Referential treatment: Getting the most out of your references

James McCrostie


While rushing to perfect their cover letters and polish their resumes, job hunters often forget how to make the best use of references. Some applicants even seem to think references don’t matter much, mistakenly believing that schools rarely contact them. Schools that care about what kind of teachers they hire, and thus the ones that tend to be worth working for, do contact references.

Before including anyone in your list of references, make sure to ask the person first. One school manager that I know contacted a reference for a teacher with a solid resume only to hear nothing but negative things about the teacher. At the end of the conversation the manager asked why the teacher had listed her, but the reference had no idea as she was never asked. Making a request by email is easier, but doing it by phone or in person will help one notice any reticence or red flags.

Also, give some thought to who you ask. If you’re applying for a job in Japan and have Japanese teaching experience, try to include a Japanese supervisor on your list. If possible, customize your list of references for each position just as you would your resume.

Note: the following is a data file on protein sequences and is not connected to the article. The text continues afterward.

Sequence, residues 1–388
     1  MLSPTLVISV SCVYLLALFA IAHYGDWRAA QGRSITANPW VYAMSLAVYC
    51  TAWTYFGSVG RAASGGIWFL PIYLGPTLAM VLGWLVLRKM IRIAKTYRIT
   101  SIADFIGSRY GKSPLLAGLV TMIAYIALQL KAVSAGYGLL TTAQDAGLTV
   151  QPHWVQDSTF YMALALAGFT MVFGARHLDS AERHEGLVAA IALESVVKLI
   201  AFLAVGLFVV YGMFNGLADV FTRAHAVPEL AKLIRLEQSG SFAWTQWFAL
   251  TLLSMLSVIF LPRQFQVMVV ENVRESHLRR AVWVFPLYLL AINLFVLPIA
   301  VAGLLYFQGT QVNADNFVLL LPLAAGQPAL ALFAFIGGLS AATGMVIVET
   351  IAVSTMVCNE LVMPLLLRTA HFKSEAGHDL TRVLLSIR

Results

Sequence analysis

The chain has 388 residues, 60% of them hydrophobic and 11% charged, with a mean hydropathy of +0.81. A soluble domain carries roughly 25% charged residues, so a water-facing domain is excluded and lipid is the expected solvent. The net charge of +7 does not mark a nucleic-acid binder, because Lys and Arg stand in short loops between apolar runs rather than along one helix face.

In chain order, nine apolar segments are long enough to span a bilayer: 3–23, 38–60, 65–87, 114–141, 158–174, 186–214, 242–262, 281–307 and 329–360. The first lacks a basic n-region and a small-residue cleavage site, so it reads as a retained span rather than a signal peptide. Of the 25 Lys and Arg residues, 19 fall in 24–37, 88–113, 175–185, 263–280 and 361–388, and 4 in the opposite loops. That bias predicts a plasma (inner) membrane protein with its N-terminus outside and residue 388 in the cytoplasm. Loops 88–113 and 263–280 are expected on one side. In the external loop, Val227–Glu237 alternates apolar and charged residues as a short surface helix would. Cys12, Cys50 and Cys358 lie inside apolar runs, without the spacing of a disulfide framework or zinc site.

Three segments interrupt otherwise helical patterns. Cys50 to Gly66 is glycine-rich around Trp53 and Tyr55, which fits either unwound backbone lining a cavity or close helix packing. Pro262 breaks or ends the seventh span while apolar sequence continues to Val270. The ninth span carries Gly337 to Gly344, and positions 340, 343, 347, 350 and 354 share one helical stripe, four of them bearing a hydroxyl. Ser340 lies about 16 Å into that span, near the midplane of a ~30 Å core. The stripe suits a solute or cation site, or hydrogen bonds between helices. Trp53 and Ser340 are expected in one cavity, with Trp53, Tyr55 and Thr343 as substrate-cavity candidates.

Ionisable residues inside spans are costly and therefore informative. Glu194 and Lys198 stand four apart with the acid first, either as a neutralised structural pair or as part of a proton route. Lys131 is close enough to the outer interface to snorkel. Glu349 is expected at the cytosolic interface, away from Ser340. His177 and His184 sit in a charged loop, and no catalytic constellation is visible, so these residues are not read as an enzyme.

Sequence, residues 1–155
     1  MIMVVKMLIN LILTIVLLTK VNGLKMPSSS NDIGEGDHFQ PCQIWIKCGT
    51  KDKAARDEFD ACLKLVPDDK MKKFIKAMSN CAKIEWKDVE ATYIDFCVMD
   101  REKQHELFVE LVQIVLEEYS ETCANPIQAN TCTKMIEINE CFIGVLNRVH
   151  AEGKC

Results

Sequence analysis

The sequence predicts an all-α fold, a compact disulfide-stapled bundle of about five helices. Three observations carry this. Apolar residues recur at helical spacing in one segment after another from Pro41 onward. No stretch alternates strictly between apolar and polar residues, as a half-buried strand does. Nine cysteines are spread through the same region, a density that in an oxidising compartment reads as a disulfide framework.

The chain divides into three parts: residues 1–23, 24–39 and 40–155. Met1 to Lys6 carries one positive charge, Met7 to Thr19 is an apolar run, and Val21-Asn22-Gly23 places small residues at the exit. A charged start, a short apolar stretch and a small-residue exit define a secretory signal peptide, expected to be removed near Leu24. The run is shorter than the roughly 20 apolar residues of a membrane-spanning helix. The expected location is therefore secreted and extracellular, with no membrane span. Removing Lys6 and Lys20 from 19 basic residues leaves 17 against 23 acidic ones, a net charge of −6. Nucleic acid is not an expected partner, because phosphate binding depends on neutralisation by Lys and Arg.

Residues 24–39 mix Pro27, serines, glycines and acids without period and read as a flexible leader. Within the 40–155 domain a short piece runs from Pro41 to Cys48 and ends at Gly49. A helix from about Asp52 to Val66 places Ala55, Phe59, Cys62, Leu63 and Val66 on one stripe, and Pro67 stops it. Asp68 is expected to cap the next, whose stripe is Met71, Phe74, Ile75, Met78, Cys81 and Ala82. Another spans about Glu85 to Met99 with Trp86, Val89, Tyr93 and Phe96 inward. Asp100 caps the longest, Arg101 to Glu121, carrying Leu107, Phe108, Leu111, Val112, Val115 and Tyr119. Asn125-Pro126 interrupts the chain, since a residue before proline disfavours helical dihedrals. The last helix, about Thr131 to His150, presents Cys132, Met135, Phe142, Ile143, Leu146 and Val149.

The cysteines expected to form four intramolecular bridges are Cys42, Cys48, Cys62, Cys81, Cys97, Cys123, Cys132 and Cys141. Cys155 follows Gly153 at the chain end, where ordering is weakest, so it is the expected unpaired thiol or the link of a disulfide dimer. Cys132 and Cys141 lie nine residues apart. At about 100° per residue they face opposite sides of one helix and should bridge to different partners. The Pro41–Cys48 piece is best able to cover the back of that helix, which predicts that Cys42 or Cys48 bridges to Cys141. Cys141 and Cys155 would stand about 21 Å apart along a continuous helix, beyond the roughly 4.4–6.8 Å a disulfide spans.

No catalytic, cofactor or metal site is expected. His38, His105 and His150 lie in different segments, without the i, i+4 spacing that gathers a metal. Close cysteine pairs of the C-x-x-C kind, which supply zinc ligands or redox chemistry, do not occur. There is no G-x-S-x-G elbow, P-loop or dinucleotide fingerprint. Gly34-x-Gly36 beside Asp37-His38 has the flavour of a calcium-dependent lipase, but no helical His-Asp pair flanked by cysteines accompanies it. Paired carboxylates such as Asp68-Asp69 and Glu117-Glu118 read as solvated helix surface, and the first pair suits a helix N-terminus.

After getting permission from someone to be included on your list of references, don’t forget to let them know every time you use them as a reference. Give them a copy of the job ad so if they are contacted they can speak about your strengths as they relate to the position. Keeping in touch with your references will not only help them stay up-to-date with your situation, but also helps keep your list of references up-to-date. I was once embarrassed to find out someone I listed as a reference couldn’t be contacted because he had quit his job as a tenured English professor to do missionary work in the wilds of Kyushu.

In terms of when to send references to prospective employers, it’s usually best to refrain from enclosing lists of references, or even worse actual letters of reference, until they are requested.

If a school requests letters of reference make sure they’re recent. Think twice about submitting any letter over a year old. While it may take more effort on your part to get fresh letters, most hiring managers prefer up-to-date letters of reference to testimonials that are several years old.

If possible, read over any letters of reference before mailing them. You know your skills better than anyone else and you may be able to request a second draft if your reference missed anything important. Plus, it never hurts to proofread the letter for typos. A colleague of mine once received a letter of recommendation with another teacher’s name on it from an overworked and absentminded supervisor.

Finally, it’s never a good idea to list a friend or officemate with a fancy made-up job title as a reference. The English teaching universe is smaller than you think and the ability to look up your references on the internet makes it that much smaller.